10 October 2019, ACT – The theme for this year’s World Mental Health Day is ‘Do you see what I see?’, with the aim to:
- Challenge negative perceptions of mental health.
- Encourage people to shine a positive light on mental health.
- Make a way for people to seek the support they need.
At batyr, we want to amplify the voices of young people in order to smash mental health stigma and increase help-seeking rates in Australia. It has been proven that sharing lived experience stories is the most effective way to change negative perceptions of mental health.
Declan shares his mental health journey and talks about what World Mental Health Day means to him.
I’m a sports fanatic, a proud Canberran, and a trivia enthusiast. When I was 16, I started to realise that, for a long time, I hadn’t felt the way I used to. I wasn’t as happy; I was snapping at my friends; and I felt pretty anxious about everyday activities. It went on for quite a long time and it affected some of my close relationships and friendships before myself or anyone around me identified an issue.
While in year 12, I built up the courage to see the school counsellor, and subsequently my GP. I was diagnosed with depression and anxiety, put on the correct medication and managed from there. Since then, I’ve had struggles with mental health, but it’s a lot easier knowing what resources are available to me when I am struggling.
I have a great support network of friends that I look to for support, and they also can use me as support when needed. I find a sense of satisfaction in sharing my story because I want to be able to help others who are in similar situations.
Did stigma prevent you from reaching out for support?
It certainly did – I didn’t think my mental health was an issue and no one could identify the cause of my erratic behaviour. It wasn’t until I saw a counsellor and unpacked my emotions that I identified the issue at hand. I think if I had reached out earlier I would have been able to manage everything a little bit better. I think even throughout the journey of mental health, even when you have great supportive networks, you can still be heavily affected by stigma. For example, it can be difficult to take a day off work for your mental health, or to cancel plans with friends for your mental health.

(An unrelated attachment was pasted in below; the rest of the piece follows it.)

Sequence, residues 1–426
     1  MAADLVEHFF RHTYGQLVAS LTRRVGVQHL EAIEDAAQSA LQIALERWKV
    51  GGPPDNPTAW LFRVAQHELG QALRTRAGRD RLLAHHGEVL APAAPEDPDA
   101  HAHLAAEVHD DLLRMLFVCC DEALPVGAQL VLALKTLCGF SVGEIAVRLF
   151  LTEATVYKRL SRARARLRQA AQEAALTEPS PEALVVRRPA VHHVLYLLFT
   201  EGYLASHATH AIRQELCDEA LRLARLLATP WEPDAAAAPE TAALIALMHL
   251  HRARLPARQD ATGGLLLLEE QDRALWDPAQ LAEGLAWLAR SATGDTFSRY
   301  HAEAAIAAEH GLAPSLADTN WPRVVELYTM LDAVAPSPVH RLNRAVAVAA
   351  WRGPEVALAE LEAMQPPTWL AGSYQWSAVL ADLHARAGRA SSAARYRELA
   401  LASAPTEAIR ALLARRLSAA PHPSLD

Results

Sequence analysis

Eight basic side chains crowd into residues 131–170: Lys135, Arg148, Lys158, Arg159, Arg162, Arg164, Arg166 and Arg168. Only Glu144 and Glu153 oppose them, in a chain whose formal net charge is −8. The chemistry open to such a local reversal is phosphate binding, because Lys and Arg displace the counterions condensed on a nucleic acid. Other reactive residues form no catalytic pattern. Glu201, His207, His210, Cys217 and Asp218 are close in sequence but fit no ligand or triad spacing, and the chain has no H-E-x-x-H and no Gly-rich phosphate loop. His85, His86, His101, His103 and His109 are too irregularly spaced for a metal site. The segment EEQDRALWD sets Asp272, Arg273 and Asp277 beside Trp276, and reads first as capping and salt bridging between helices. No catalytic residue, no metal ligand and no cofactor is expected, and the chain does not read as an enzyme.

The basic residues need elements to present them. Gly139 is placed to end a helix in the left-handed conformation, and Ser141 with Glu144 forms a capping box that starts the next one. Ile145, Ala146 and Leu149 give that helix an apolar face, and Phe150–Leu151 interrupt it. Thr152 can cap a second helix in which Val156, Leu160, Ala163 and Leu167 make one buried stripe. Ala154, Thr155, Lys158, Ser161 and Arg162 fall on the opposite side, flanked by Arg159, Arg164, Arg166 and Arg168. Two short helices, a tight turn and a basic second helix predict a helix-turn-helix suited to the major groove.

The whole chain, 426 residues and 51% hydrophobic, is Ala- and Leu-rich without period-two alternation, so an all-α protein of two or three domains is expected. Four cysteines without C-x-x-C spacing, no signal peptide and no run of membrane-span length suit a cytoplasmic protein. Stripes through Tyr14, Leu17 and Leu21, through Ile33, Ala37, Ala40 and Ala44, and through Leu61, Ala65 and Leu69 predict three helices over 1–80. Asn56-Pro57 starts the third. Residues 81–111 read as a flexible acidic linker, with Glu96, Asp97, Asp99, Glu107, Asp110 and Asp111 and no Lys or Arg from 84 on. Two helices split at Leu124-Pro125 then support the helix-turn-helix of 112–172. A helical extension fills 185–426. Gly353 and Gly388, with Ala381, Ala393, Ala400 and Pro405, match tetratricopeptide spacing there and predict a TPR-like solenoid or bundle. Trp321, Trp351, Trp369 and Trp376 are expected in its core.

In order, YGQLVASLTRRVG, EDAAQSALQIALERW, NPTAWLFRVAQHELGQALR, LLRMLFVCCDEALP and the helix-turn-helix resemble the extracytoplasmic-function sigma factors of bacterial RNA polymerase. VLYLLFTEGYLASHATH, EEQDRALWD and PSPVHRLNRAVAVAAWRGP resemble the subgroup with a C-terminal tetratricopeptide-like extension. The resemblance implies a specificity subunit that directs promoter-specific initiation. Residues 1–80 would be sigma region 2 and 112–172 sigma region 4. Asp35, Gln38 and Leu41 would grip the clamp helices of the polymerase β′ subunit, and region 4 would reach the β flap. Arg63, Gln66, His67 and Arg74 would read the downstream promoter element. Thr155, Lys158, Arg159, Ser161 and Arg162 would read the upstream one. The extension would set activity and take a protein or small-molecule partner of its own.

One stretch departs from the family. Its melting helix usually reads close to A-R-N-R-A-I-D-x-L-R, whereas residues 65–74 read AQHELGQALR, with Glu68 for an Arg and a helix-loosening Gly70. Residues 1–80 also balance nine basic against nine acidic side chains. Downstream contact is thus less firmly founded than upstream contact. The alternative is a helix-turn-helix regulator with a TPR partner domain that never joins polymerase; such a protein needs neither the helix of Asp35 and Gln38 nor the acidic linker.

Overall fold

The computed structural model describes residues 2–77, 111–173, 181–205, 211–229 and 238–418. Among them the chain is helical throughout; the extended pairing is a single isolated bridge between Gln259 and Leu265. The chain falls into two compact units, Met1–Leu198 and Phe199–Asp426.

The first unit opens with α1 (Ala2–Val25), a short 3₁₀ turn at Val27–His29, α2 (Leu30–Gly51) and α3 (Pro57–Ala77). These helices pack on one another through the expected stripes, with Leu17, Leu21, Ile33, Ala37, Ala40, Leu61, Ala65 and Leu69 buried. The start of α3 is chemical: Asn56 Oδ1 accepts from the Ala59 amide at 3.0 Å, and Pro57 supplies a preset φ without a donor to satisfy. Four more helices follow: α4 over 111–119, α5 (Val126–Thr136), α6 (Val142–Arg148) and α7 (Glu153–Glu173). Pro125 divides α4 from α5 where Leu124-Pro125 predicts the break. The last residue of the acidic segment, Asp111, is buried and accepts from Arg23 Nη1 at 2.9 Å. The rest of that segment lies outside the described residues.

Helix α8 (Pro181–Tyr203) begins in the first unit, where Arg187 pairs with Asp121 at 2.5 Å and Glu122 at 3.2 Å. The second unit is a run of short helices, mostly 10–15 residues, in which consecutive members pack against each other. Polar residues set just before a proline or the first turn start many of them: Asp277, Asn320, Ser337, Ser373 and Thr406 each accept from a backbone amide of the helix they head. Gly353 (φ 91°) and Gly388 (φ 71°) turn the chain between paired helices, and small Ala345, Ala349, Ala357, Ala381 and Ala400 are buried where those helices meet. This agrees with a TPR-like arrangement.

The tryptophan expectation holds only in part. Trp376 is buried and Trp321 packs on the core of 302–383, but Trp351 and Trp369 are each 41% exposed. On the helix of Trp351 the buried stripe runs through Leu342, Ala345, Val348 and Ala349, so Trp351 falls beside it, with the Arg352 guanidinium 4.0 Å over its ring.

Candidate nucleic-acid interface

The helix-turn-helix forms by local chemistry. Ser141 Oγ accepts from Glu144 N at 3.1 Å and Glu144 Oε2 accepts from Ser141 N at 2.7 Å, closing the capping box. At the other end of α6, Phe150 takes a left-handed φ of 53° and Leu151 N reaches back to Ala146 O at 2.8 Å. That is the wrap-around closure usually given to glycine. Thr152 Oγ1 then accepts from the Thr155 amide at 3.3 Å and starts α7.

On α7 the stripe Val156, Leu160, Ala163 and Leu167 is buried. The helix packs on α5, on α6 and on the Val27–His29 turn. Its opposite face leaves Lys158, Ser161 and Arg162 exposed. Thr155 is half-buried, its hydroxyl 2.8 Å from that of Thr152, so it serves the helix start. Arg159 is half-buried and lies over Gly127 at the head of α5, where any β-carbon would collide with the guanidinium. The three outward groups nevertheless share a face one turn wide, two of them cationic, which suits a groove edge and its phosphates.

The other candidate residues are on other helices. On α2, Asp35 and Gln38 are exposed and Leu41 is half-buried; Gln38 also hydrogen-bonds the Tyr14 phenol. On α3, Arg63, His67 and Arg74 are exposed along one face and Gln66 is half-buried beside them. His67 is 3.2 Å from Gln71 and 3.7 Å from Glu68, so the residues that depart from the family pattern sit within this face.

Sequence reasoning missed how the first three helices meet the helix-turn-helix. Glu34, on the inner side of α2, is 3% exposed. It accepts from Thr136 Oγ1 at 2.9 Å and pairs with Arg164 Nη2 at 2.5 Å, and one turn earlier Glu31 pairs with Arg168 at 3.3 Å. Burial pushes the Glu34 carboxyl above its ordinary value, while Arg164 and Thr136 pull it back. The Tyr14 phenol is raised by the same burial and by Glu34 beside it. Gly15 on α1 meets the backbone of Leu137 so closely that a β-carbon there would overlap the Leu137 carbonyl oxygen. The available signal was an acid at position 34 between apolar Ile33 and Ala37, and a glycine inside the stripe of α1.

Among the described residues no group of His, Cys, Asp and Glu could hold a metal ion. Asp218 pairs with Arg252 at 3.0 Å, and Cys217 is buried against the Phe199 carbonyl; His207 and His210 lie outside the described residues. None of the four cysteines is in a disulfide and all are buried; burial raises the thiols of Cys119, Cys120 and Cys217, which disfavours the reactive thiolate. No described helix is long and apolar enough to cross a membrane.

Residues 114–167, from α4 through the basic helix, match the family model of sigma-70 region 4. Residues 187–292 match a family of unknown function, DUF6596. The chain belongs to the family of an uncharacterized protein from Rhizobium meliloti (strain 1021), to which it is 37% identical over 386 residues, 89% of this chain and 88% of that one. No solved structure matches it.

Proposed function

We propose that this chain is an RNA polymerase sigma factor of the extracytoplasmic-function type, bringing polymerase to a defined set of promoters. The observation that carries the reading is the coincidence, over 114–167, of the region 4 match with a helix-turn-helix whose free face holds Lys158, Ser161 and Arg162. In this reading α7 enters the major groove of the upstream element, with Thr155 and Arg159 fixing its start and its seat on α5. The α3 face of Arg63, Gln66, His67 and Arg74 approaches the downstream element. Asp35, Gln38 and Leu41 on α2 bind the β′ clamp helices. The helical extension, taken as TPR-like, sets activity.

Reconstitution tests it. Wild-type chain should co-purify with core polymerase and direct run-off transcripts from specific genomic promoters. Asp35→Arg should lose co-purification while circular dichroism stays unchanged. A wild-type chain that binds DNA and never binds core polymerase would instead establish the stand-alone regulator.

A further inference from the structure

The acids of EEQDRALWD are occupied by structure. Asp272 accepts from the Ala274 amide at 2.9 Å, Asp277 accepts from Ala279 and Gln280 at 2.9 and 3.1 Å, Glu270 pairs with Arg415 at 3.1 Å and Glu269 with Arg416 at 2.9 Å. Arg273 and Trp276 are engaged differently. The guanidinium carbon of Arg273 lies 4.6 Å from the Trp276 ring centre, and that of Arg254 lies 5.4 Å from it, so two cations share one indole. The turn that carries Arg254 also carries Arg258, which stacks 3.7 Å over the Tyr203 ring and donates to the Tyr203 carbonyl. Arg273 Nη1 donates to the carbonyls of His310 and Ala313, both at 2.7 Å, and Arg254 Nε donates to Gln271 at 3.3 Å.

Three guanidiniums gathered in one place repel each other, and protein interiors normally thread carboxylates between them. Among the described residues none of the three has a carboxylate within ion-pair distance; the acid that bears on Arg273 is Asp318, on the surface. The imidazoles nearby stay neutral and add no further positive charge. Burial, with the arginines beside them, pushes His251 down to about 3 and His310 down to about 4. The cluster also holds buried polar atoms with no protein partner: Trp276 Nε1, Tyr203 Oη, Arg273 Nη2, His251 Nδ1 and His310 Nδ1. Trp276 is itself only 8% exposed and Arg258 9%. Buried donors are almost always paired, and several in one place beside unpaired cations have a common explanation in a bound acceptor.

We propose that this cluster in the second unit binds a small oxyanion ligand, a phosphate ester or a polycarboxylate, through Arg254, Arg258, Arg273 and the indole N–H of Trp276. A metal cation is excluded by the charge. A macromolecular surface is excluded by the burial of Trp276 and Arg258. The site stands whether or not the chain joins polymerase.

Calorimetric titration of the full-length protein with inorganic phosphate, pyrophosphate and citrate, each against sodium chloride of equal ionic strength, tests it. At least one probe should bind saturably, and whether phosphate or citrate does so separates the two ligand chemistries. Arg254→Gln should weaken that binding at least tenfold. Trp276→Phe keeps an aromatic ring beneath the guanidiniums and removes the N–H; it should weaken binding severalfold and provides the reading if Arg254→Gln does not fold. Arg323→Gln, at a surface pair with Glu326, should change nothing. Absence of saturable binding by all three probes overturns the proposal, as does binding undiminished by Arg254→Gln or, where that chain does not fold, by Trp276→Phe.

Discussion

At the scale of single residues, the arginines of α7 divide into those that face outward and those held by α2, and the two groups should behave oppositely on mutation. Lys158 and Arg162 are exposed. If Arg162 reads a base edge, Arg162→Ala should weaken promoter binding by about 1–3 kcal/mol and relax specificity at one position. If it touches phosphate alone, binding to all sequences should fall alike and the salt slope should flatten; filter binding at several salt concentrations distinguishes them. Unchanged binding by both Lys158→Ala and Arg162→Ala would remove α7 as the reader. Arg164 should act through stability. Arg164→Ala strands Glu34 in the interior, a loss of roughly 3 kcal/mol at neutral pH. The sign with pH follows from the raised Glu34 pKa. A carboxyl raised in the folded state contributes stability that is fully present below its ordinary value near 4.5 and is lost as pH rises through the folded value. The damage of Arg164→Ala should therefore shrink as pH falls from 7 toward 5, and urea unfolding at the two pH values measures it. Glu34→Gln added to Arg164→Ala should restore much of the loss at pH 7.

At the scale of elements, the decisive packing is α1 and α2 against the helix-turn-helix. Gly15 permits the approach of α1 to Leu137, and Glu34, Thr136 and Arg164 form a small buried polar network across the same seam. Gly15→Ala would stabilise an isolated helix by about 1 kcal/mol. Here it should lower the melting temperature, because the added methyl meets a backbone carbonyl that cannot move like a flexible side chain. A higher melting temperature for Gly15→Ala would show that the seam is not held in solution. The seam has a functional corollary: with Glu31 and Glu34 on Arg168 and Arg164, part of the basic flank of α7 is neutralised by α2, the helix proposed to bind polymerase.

What do you wish someone knew about what you were going through?
I wish people knew how hard it is to reach out and ask for support sometimes, especially when you’re at a low point. Sometimes you feel really down and don’t want to ask for help or support because you’re scared of being a burden to those around you. It’s nice to have people around you who will support you or do little things to help.
Tell us about a moment or conversation you had that ‘shone a light’ on the challenges you were facing and encouraged you to reach out. What was that moment like?
Throughout my interactions with mental health, I always like to ask myself the question, “What advice would I give to a good friend?”. With respect to my mental health, I always advise people to take care of themselves as much as they can, whereas I don’t do the same for myself. When I was first asked this question, it shined a light on the fact that I was being so critical about my own struggles. I realised I was not following through on the advice I would give to friends, and I needed to take my own advice and take care of myself.
How do you challenge misconceptions about mental health and encourage positive conversations?
I try to encourage positive supportive conversations regarding mental health by listening to those affected to learn how we can support them most. After all, we don’t know how someone is being affected by mental health so we should listen to them about how they can be best supported. Often people can provide solutions to mental health that are not helpful and make the person feel worse than before. It’s important to be supportive and positive in these conversations about mental health.
What is your pledge for World Mental Health Day?
I want people to know that they’re not alone. Whether its long-term or short-term, it’s okay to reach out for help. Seeing a psychologist to check in on your mental health can be like seeing your doctor for a cold and should be treated the same way. My pledge is to encourage people to check in on their mental health. Even if you consider your mental health to be perfect, you can still sit back and reflect with others about the good and bad things in your mental health. Our ability to be open and reflect can help to reduce the stigma around mental health.
If this story has brought up strong feelings for you, please call Lifeline on 13 11 14, Kids Helpline on 1800 55 1800 or the Suicide Call Back Service on 1300 659 467.